And, let me ask, are the thoughts of the Holy Ghost changed, in reference to this question? Has it ceased to be a tempting of God to place the yoke of legality upon a sinner’s neck? Is it now in accordance with His gracious will that the law should be read out in the ears of sinners? Let my reader reply to these inquiries in the light of the fifteenth of Acts, and the epistle to the Galatians. These scriptures, were there no other, are amply sufficient to prove that God never intended that the “Gentiles should hear the word” of the law. Had He so intended, He would, assuredly, have “made choice” of someone to proclaim it in their ears. But no; when He sent forth His “fiery law,” He spoke only in one tongue; but when He proclaimed the glad tidings of salvation, through the blood of the Lamb, He spoke in the language “of every nation under heaven.” He spoke in such a way as that “every man in his own tongue wherein he was born,’’ might hear the sweet story of grace (Acts 2:1-11).
Further, when He was giving forth from mount Sinai the stern requirements of the covenant of works, He addressed Himself exclusively to one people. His voice was only heard within the narrow enclosures of the Jewish nation; but when, on the plains of Bethlehem, “the angel of the Lord” declared “good tidings of great joy,” he added those characteristic words, “which shall be to all people” (Luke 2:10). And, again, when the risen Christ was sending forth His heralds of salvation, His commission ran thus, “Go ye into all the world, and preach the gospel to every creature” (Mark 16:15; Luke 2:10). The mighty tide of grace which had its source in the bosom of God, and its channel in the blood of the Lamb, was designed to rise, in the resistless energy of the Holy Ghost, far above the narrow enclosures of Israel, and roll through the length and breadth of a sin-stained world. “Every creature” must hear, “in his own tongue,” the message of peace, the word of the gospel, the record of salvation, through the blood of the cross.
Finally, that nothing might be lacking to prove to our poor legal hearts that mount Sinai was not, by any means, the spot where the deep secrets of the bosom of God were told out, the Holy Ghost has said, both by the mouth of a prophet and an apostle, “How beautiful are the feet of them that preach the gospel of peace and bring glad tidings of good things!” (Isa. 52:7; Rom. 10:15). But of those who sought to be teachers of the law the same Holy Ghost has said, “I would they were even cut off that trouble you” (Gal. 5:12).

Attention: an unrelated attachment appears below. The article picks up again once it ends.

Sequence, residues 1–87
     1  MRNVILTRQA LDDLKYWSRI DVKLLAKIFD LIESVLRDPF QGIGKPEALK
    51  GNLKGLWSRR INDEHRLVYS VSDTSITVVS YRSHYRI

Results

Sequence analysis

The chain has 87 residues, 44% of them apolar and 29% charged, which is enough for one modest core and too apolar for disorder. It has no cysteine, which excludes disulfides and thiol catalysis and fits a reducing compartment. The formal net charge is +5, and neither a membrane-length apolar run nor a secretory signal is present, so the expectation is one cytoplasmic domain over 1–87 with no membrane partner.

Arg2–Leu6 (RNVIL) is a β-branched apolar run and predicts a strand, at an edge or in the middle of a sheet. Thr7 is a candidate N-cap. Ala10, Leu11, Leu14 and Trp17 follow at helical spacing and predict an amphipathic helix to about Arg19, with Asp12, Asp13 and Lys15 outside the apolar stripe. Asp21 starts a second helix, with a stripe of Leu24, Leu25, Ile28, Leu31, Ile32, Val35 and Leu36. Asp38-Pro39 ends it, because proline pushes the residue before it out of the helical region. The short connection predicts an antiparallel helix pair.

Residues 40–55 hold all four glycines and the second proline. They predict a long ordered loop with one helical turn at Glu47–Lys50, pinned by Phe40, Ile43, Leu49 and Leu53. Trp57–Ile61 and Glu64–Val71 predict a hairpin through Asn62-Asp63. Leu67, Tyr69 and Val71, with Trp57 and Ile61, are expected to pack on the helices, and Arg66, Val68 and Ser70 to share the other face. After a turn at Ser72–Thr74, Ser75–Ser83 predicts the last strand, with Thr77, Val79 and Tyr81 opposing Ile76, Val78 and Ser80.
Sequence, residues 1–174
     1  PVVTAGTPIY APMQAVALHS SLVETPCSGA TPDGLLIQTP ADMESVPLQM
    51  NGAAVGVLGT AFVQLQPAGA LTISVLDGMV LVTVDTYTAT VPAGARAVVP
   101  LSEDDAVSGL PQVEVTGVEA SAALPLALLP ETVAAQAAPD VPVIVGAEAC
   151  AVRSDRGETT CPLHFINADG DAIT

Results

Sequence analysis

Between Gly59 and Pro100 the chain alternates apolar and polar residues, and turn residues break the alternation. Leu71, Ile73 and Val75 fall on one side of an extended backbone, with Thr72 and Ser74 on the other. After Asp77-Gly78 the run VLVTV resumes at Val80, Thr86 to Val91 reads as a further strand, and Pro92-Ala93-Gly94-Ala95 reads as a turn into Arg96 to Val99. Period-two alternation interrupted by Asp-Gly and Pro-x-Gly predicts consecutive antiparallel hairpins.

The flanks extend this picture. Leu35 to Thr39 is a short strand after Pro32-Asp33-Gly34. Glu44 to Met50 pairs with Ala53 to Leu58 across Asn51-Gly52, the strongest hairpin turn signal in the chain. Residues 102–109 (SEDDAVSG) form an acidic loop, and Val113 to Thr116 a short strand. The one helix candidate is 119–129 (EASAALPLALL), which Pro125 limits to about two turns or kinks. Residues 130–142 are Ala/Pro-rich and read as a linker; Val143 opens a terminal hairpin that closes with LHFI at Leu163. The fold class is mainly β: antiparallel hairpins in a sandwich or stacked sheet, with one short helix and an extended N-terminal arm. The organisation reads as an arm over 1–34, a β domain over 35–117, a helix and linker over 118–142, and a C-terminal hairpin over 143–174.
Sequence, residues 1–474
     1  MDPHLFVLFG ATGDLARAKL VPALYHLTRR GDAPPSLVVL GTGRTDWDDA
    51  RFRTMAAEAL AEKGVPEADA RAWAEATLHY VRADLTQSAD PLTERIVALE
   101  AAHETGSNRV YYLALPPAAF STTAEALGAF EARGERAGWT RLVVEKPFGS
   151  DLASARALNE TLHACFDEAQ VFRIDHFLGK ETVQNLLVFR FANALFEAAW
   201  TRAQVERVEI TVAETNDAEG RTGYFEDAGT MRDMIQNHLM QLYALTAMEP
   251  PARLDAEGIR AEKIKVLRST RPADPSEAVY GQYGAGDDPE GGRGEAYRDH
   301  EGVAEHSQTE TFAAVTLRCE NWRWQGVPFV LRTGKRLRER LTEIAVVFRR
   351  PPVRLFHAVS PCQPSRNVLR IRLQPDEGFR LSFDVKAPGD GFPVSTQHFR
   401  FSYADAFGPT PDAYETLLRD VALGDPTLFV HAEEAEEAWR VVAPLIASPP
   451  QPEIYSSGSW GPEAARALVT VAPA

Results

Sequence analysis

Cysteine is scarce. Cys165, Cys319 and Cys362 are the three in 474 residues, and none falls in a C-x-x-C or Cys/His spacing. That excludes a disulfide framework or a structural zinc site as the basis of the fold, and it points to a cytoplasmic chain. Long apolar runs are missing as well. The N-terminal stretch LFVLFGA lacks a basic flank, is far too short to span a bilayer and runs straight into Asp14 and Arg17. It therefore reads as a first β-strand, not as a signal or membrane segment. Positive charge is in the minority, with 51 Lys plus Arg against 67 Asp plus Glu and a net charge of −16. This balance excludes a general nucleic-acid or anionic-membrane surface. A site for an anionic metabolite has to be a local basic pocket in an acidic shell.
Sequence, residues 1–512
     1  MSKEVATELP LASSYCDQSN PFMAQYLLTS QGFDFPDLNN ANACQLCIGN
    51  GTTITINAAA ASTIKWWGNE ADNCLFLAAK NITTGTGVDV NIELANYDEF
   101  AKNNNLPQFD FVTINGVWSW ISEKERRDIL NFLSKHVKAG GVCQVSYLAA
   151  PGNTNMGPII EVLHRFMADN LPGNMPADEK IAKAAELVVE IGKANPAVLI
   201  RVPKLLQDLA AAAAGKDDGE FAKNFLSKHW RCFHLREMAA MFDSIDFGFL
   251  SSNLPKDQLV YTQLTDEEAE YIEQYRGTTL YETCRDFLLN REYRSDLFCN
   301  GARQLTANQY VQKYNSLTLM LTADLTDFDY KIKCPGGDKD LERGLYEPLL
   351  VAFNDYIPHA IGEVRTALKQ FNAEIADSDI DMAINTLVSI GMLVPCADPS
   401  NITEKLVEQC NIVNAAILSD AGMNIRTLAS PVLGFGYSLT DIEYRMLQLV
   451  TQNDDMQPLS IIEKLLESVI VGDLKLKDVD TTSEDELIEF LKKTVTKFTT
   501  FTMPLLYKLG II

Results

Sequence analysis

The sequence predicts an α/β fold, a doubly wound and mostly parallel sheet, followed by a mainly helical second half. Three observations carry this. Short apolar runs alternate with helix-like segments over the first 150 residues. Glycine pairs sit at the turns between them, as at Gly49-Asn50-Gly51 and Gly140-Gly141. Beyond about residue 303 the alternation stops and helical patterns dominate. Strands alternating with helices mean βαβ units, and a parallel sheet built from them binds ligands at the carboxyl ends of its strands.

Thus, then, it is obvious that the law is neither the ground of life to the sinner nor the rule of life to the Christian. Christ is both the one and the other. He is our life and He is our rule of life. The law can only curse and slay. Christ is our life and righteousness. He became a curse for us by hanging on a tree. He went down into the place where the sinner lay—into the place of death and judgment—and having, by His death, entirely discharged all that was or could be against us, He became, in resurrection, the source of life and the ground of righteousness to all who believe in His name. Having this life and righteousness in Him, we are called to walk, not merely as the law directs, but to “walk even as He walked” (1 John 2:6). It will hardly be deemed needful to assert that it is directly contrary to Christian ethics to kill, commit adultery, or steal. But were a Christian to shape his way according to these commands or according to the entire decalogue, would he yield the rare and delicate fruits which the Epistle to the Ephesians sets forth? Would the ten commandments ever cause a thief to give up stealing, and go to work that he might have to give? Would they ever transform a thief into a laborious and liberal man? Assuredly not. The law says, “thou shalt not steal”; but does it say, “go and give to him that needeth”—“go feed, clothe, and bless your enemy” — “go gladden by your benevolent feelings and your beneficent acts the heart of him who only and always seeks your hurt”? By no means; and yet, were I under the law, as a rule, it could only curse me and slay me. How is this, when the standard in the New Testament is so much higher? Because I am weak and the law gives me no strength and shows me no mercy. The law demands strength from one that has none, and curses him if he cannot display it. The gospel gives strength to one that has none, and blesses him in the exhibition of it. The law proposes life as the end of obedience. The gospel gives life as the only proper ground of obedience.